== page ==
|1.||Alam, N H: 3 articles (11/2003 - 11/2000)|
|2.||Fuchs, G J: 2 articles (04/2001 - 11/2000)|
|3.||Sarker, S A: 2 articles (04/2001 - 11/2000)|
|4.||Mahalanabis, D: 2 articles (04/2001 - 11/2000)|
|5.||Sheng, Zhi-Yong: 1 article (01/2015)|
|6.||Luo, Hong-Min: 1 article (01/2015)|
|7.||Zhou, Fang-Qiang: 1 article (01/2015)|
|8.||Yu, Wen: 1 article (01/2015)|
|9.||Xie, Zhi-Yi: 1 article (01/2015)|
|10.||Lin, Hong-Yuan: 1 article (01/2015)|
11/01/2000 - "Benefiber added to standard WHO ORS substantially reduces the duration of diarrhea and modestly reduced stool output in acute noncholera diarrhea in young children, indicating its potential as a new antidiarrheal therapy for acute diarrhea in children."
11/01/2000 - "Survival analysis for duration of diarrhea also showed a reduction the BF-supplemented WHO ORS-treated group (P = 0.025, log rank test). "
11/01/2000 - "Patients receiving BF-supplemented WHO ORS had significantly reduced duration of diarrhea compared with the control group (mean +/- SD, 74 +/- 37 vs. 90 +/- 50 hours, P = 0.03). "
11/01/1994 - "Four WHO-ORS, containing either 0, 2.5, 5.0, or 10.0 g/L of CMC, were perfused in rats with a well-tested model of cathartic-induced chronic osmotic diarrhea (D) and in normal controls (C). "
07/01/1991 - "A significant correlation was observed between the volume of diarrhea and the WHO-ORS consumed during the first 48 h, but not to the volume of diet intake."
|2.||Dehydration (Water Stress)
10/01/2003 - "Is a 2 : 1 ratio of standard WHO ORS to plain water effective in the treatment of moderate dehydration."
10/01/1997 - "The plantain flour-based solution proved effective for the treatment of dehydration due to acute diarrheal diseases and should be considered as an alternative when standard WHO-ORS is not available."
01/01/1990 - "WHO-ORS utilization is poor in some developing countries, and locally used food-based solutions could be used for maintaining hydration or correcting the dehydration due to acute diarrhoea once their effectiveness has been proved by clinical trials."
12/01/1994 - "The two fluids are therefore recommended as rehydrating fluids for children with some dehydration in the absence of WHO/ORS fluid."
08/01/1993 - "The pH, carbohydrate, and electrolyte levels of the food fluids were compared to the recommended UNICEF/WHO ORS to ascertain if these are within physiologically acceptable ranges for the treatment and prevention of dehydration in children with diarrhoea. "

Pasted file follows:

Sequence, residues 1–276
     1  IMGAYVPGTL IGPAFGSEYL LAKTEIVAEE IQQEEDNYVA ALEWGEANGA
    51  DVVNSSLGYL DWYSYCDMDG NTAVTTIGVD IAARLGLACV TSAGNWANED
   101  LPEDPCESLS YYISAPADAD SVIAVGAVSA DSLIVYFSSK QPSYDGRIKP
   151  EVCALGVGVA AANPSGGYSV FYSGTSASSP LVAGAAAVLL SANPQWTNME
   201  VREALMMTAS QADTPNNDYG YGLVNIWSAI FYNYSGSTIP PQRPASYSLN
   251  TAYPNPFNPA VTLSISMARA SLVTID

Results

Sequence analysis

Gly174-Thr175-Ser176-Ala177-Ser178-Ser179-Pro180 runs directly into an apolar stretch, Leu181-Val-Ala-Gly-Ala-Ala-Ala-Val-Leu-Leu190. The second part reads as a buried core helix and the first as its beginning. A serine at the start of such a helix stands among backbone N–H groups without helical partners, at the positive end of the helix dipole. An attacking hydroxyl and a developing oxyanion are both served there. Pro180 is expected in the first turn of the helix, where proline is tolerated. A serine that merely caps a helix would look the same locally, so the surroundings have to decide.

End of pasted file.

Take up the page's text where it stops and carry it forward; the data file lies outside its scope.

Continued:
01/01/1994 - "Rice-based (50 g/l) and WHO-ORS solutions are equally effective for treating children with acute non-cholera diarrhoea, when feeding is resumed promptly following initial rehydration, as has been consistently recommended by WHO. "
01/01/1994 - "Rice-based ORS (50 g/l) is superior to WHO-ORS for patients with cholera, and for such patients it can be recommended in any situation where its preparation and use are practical. "
03/01/2006 - "Reduced-osmolarity ORS solution was as efficacious as standard WHO-ORS solution in the management of cholera patients. "
03/01/2006 - "Standard WHO-ORS versus reduced-osmolarity ORS in the management of cholera patients."
09/01/2000 - "Thirty-five culture proven cholera and 135 acute non-cholera diarrheal patients randomly received H-ORS or WHO-ORS. "
01/01/1991 - "Only for weight gain was there a statistically significant difference between the treatment groups (those given the WHO-ORS solution gained less weight). "
01/01/1990 - "Though weight gain in the two treatment groups was not significantly different, median weight gain in the sorghum-ORS group was 295 g, vs 155 in the WHO-ORS group. "
10/01/1993 - "In only two cases in each group, diarrhea was caused by Vibrio cholerae non 0-1. Significant per cent weight gain was observed in patients with Peptilose-ORS compared to those treated with WHO-ORS (P = 0.046). "
02/01/1995 - "In the Amylyte-treated group, ORS requirements were significantly less (234 +/- 15.2 vs 295 +/- 17.6 mL/kg; P < .01) and weight gain was significantly more (367.7 +/- 45.1 vs 199.2 +/- 38.2 g; P < .01) than in those given the WHO-ORS. "
02/01/1995 - "Amylyte-ORS effectively rehydrates children with acute diarrhea, reduces diarrhea duration, decreases ORS requirements, and improves weight gain compared to the WHO-ORS."
|5.||Protein-Energy Malnutrition (Marasmus)
08/01/1994 - "This study was designed to test the hypothesis that, in an animal model of protein-energy malnutrition (PEM), carboxymethylcellulose (CMC), a viscous additive for the World Health Organization Oral Rehydration Solution (WHO-ORS), previously found to be effective in rats with osmotic diarrhea as an enhancer of water and sodium absorption, would also improve the performance of the WHO-ORS. "
|2.||World Health Organization oral rehydration solution
|9.||Carboxymethylcellulose Sodium (Polycell)
|1.||Fluid Therapy (Oral Rehydration Therapy)